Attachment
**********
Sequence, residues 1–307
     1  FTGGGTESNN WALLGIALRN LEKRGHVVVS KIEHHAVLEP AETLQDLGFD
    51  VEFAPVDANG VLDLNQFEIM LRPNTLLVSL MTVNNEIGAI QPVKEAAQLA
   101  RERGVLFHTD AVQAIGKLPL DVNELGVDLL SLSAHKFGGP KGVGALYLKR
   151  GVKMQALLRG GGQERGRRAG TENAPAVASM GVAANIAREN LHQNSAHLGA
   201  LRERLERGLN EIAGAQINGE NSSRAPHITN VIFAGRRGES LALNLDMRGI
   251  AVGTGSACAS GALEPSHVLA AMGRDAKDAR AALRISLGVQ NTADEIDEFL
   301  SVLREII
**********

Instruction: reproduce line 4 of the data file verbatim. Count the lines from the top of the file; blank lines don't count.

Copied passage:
   101  RERGVLFHTD AVQAIGKLPL DVNELGVDLL SLSAHKFGGP KGVGALYLKR